Sunday, November 21, 2010

THE ACTUAL WORDS OF HIS HOLINESS, POPE BENEDICT AND THE CONDOM CONTROVERSY AND CONUNDRUM NOT TO MENTION CANDIDNESS

FIND UPDATED LINKS FROM CATHOLIC BLOGGERS TAKING THE SECULAR PRESS TO TASK FOR MISINTERPRETING THE WORDS OF POPE BENEDICT BY PRESSING: FASCINATING DETAILS OF BOOK INTERVIEW OF POPE BENEDICT XVI

My comment first: Reading the actual excerpt from the interview by Peter Seewald, one really gets the context of Pope Benedict's caveat on condoms, but more importantly the Holy Father gives a wonderful catechesis on the nature of human sexuality as the Catholic Church understands it. He is not harsh or bitter in his catechesis, but like a gentle father using faith and reason to make his very profound remarks. It's not just about condoms stupid! (I said that, the Holy Father never would!)


Book Excerpt
An excerpt from Light of the World, Peter Seewald’s book-length interview with Pope Benedict XVI

From Chapter 11, "The Journeys of a Shepherd," pages 117-119:


Peter Seewald: On the occasion of your trip to Africa in March 2009, the Vatican’s policy on AIDs once again became the target of media criticism.Twenty-five percent of all AIDs victims around the world today are treated in Catholic facilities. In some countries, such as Lesotho, for example, the statistic is 40 percent. In Africa you stated that the Church’s traditional teaching has proven to be the only sure way to stop the spread of HIV. Critics, including critics from the Church’s own ranks, object that it is madness to forbid a high-risk population to use condoms.

HIS HOLINESS, POPE BENEDICT XVI: The media coverage completely ignored the rest of the trip to Africa on account of a single statement. Someone had asked me why the Catholic Church adopts an unrealistic and ineffective position on AIDs. At that point, I really felt that I was being provoked, because the Church does more than anyone else. And I stand by that claim. Because she is the only institution that assists people up close and concretely, with prevention, education, help, counsel, and accompaniment. And because she is second to none in treating so many AIDs victims, especially children with AIDs.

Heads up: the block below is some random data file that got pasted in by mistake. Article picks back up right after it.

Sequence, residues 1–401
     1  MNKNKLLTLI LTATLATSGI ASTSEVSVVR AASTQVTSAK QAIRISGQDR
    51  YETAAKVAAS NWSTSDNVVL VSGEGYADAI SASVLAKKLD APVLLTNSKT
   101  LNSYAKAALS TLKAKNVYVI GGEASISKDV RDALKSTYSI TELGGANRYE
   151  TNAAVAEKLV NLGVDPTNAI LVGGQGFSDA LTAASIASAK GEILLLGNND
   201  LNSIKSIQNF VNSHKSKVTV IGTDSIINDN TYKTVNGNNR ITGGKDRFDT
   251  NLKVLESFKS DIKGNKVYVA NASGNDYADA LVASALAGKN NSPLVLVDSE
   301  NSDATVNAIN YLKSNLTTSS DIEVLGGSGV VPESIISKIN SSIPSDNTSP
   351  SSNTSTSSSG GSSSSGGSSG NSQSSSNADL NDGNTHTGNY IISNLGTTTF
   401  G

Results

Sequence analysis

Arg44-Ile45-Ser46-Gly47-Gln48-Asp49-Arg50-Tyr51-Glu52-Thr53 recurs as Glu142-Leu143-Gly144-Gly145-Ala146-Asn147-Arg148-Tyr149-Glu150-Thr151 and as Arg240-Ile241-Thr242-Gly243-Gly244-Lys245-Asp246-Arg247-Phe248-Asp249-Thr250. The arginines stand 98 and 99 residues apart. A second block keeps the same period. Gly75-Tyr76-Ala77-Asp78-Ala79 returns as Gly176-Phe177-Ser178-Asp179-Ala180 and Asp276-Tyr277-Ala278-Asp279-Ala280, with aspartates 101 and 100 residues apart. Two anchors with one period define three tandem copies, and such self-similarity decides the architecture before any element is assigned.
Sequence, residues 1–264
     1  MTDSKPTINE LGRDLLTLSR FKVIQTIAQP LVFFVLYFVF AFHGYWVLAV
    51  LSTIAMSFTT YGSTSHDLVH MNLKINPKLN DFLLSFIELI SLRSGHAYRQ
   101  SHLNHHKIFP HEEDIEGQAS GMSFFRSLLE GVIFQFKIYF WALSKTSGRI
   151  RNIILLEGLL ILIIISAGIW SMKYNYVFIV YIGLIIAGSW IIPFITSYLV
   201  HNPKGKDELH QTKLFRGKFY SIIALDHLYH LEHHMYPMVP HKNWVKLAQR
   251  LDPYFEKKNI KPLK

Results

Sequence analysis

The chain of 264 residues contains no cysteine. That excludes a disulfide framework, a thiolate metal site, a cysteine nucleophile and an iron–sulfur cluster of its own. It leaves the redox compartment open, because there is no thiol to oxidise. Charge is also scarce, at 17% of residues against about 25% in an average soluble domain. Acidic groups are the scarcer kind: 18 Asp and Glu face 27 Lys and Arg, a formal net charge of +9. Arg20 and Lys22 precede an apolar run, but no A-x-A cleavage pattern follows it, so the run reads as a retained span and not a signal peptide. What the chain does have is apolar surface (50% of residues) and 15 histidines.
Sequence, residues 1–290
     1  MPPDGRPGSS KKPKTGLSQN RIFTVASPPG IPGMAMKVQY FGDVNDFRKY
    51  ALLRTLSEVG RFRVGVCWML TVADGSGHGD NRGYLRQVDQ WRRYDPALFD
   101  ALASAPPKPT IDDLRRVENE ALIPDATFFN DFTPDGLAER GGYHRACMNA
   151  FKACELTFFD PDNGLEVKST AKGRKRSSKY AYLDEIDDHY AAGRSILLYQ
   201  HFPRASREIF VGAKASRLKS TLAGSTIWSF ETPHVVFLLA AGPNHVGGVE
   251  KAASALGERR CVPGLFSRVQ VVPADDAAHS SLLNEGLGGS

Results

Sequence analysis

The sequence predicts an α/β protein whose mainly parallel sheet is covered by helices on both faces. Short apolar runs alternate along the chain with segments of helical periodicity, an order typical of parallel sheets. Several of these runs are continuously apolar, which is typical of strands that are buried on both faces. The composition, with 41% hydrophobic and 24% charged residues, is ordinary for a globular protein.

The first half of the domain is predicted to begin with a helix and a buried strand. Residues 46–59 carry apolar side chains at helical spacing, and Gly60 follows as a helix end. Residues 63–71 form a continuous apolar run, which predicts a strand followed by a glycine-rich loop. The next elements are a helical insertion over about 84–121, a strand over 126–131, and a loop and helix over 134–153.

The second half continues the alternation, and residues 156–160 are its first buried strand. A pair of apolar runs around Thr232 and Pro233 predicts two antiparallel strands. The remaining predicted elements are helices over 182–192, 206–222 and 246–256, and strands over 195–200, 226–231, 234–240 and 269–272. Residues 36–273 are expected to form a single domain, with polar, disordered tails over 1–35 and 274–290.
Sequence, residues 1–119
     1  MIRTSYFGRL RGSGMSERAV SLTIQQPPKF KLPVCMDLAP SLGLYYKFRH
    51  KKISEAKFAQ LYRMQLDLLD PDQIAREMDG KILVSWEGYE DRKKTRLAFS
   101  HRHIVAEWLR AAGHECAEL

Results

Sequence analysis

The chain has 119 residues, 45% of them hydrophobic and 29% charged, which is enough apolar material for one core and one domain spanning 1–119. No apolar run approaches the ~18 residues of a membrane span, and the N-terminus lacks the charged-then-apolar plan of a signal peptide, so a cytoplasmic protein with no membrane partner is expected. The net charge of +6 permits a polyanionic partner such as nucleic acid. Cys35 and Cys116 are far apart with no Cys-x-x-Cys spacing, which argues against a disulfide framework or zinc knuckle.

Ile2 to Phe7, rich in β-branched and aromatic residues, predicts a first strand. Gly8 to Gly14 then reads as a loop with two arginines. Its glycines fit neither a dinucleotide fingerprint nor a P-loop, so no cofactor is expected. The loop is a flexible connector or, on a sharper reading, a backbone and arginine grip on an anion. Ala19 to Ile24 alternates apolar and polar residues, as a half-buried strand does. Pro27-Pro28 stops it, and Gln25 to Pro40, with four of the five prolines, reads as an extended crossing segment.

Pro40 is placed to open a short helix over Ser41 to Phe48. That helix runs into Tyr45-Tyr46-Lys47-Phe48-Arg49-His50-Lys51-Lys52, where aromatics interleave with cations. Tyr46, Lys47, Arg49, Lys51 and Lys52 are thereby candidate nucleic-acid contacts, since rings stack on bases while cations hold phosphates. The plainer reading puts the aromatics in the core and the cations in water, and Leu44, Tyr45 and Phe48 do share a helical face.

I had the chance to visit one of these wards and to speak with the patients. That was the real answer: The
Church does more than anyone else, because she does not speak from the tribunal of the newspapers, but helps her brothers and sisters where they are actually suffering. In my remarks I was not making a general statement about the condom issue, but merely said, and this is what caused such great offense, that we cannot solve the problem by distributing condoms. Much more needs to be done. We must stand close to the people, we must guide and help them; and we must do this both before and after they contract the disease.

As a matter of fact, you know, people can get condoms when they want them anyway. But this just goes to
show that condoms alone do not resolve the question itself. More needs to happen. Meanwhile, the secular realm itself has developed the so-called ABC Theory: Abstinence-Be Faithful-Condom, where the condom is